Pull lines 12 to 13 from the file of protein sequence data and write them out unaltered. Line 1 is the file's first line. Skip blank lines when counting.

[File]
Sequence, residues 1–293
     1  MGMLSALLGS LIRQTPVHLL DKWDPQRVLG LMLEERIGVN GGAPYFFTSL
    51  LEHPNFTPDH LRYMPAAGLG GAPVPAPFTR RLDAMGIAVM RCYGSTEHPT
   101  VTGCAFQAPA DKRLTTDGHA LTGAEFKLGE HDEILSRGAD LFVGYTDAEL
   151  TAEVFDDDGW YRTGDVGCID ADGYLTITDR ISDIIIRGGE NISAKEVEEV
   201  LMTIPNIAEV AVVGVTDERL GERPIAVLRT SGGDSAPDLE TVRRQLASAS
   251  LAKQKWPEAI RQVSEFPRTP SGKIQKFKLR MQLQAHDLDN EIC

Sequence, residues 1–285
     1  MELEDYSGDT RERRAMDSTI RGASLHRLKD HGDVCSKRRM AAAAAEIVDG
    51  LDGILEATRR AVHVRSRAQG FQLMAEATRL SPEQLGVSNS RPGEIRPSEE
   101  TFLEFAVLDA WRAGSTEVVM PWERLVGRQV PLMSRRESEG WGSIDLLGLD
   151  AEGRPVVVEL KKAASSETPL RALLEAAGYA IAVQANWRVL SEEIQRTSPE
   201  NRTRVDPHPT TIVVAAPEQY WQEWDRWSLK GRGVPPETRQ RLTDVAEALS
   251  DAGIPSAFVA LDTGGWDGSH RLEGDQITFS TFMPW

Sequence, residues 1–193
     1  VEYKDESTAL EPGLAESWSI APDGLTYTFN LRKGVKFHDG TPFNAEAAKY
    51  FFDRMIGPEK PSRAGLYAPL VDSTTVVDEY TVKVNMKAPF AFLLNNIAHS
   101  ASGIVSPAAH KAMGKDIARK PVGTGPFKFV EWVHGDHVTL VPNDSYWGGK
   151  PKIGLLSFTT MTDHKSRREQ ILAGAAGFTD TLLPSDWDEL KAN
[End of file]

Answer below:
   151  AEGRPVVVEL KKAASSETPL RALLEAAGYA IAVQANWRVL SEEIQRTSPE
   201  NRTRVDPHPT TIVVAAPEQY WQEWDRWSLK GRGVPPETRQ RLTDVAEALS